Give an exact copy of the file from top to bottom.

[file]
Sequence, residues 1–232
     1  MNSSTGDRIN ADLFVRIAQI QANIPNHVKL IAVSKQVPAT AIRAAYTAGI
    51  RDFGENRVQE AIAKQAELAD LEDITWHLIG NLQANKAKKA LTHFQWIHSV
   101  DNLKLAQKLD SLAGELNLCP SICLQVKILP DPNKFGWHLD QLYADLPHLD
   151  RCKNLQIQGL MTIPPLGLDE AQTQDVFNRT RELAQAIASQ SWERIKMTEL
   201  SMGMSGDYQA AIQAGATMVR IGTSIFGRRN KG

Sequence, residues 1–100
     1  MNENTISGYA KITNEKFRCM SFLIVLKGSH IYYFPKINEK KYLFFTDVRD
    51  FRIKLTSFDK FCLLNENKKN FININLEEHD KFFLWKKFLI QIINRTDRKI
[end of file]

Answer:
Sequence, residues 1–232
     1  MNSSTGDRIN ADLFVRIAQI QANIPNHVKL IAVSKQVPAT AIRAAYTAGI
    51  RDFGENRVQE AIAKQAELAD LEDITWHLIG NLQANKAKKA LTHFQWIHSV
   101  DNLKLAQKLD SLAGELNLCP SICLQVKILP DPNKFGWHLD QLYADLPHLD
   151  RCKNLQIQGL MTIPPLGLDE AQTQDVFNRT RELAQAIASQ SWERIKMTEL
   201  SMGMSGDYQA AIQAGATMVR IGTSIFGRRN KG

Sequence, residues 1–100
     1  MNENTISGYA KITNEKFRCM SFLIVLKGSH IYYFPKINEK KYLFFTDVRD
    51  FRIKLTSFDK FCLLNENKKN FININLEEHD KFFLWKKFLI QIINRTDRKI